In other words, in Blair’s assessment, the nation-building in Iraq is no cautionary tale. Imperialism remains a viable tool to Blair in the “war on terrorism,” and he would have U.S. and U.K forces perpetrate the same criminal acts against African countries.
Blair even had the gall to share his distress over the fact that Iraq has made it harder to go to war and occupy countries.
“For us in the West, the pain of taking casualties in a fight that is often politically controversial and which does not involve defense of our own territory is now so great that we risk a situation where political leaders are reluctant to commit, especially ground forces to combat,” Blair stated. “On the other hand, Western forces, particularly those of the United States and UK, have the most experience and the highest level of capability. This needs an act of consideration of whether we require a different level of volunteering for these missions. Otherwise, we’re fighting without the best available forces to do the work.”
Simply, Corbyn’s remorse put Blair’s unrepentant attitude to shame. It pulled into focus the reality that the inquiry was not permitted to make legal recommendations on whether Blair or other high-ranking officials should be prosecuted for war crimes. It re-solidified the need for activism to press for additional measures of accountability, as the inquiry was apparently not enough to convince Blair that invading Iraq was wrong.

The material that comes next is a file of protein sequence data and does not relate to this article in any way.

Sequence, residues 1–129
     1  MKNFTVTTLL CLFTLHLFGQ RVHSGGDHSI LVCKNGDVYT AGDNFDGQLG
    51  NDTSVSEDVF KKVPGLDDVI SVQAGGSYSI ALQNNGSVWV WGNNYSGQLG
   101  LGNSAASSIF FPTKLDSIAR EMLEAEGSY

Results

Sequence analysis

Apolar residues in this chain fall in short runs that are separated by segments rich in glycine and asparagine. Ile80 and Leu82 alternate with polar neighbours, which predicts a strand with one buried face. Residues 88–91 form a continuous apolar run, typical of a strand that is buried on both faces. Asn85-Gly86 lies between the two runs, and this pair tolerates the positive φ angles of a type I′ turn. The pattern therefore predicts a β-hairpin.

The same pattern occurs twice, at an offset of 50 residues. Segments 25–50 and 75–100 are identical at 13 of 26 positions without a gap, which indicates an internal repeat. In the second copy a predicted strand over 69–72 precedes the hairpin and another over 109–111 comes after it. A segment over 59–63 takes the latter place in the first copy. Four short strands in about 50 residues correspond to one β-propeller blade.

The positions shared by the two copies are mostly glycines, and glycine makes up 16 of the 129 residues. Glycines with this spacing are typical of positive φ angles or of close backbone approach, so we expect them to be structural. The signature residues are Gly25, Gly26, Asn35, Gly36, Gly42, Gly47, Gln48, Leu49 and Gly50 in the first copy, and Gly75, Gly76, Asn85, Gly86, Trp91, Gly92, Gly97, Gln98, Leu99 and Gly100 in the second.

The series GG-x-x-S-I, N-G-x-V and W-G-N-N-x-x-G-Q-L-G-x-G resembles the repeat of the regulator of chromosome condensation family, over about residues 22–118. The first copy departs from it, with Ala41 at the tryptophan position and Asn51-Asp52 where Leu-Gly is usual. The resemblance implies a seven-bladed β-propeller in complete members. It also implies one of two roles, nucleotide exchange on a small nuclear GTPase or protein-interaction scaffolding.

Sarah O’Connor, whose brother Sergeant Bob O’Connor was killed in Iraq in 2005, declared, “There is one terrorist in this world that the world needs to be aware of, and his name is Tony Blair, the world’s worst terrorist.”
A police officer, Colonel Ahmed Hassan, who works for Iraq’s interior ministry, told Guardian reporter Martin Chulov, “There is no excuse for [the decision to invade]. It was an extermination war. This is not the terrorists behind this. It is states against us. This is what all Iraqis feel. There was a high level of engineering behind this, and that is the job of countries.”
Lindsey German, a leading activist from the Stop the War Coalition, called for Blair to be charged with crimes and indicated the report marks a new phase of the antiwar movement in Britain.
“In 2003, millions marched, blocked roads, occupied, walked out of school and took industrial action. All to stop the war before it started. The lack of accountability on the part of politicians and the wider establishment must end now,” German demanded.
“This report will further deepen the political crisis in this country. Those on the wrong side of history need to acknowledge the profound error that they made, instead of cheerleading further interventions,” German additionally urged. “There will be justice over Iraq, however long it takes. Part of that is acknowledging the disastrous nature of Britain’s military action in the past 15 years.”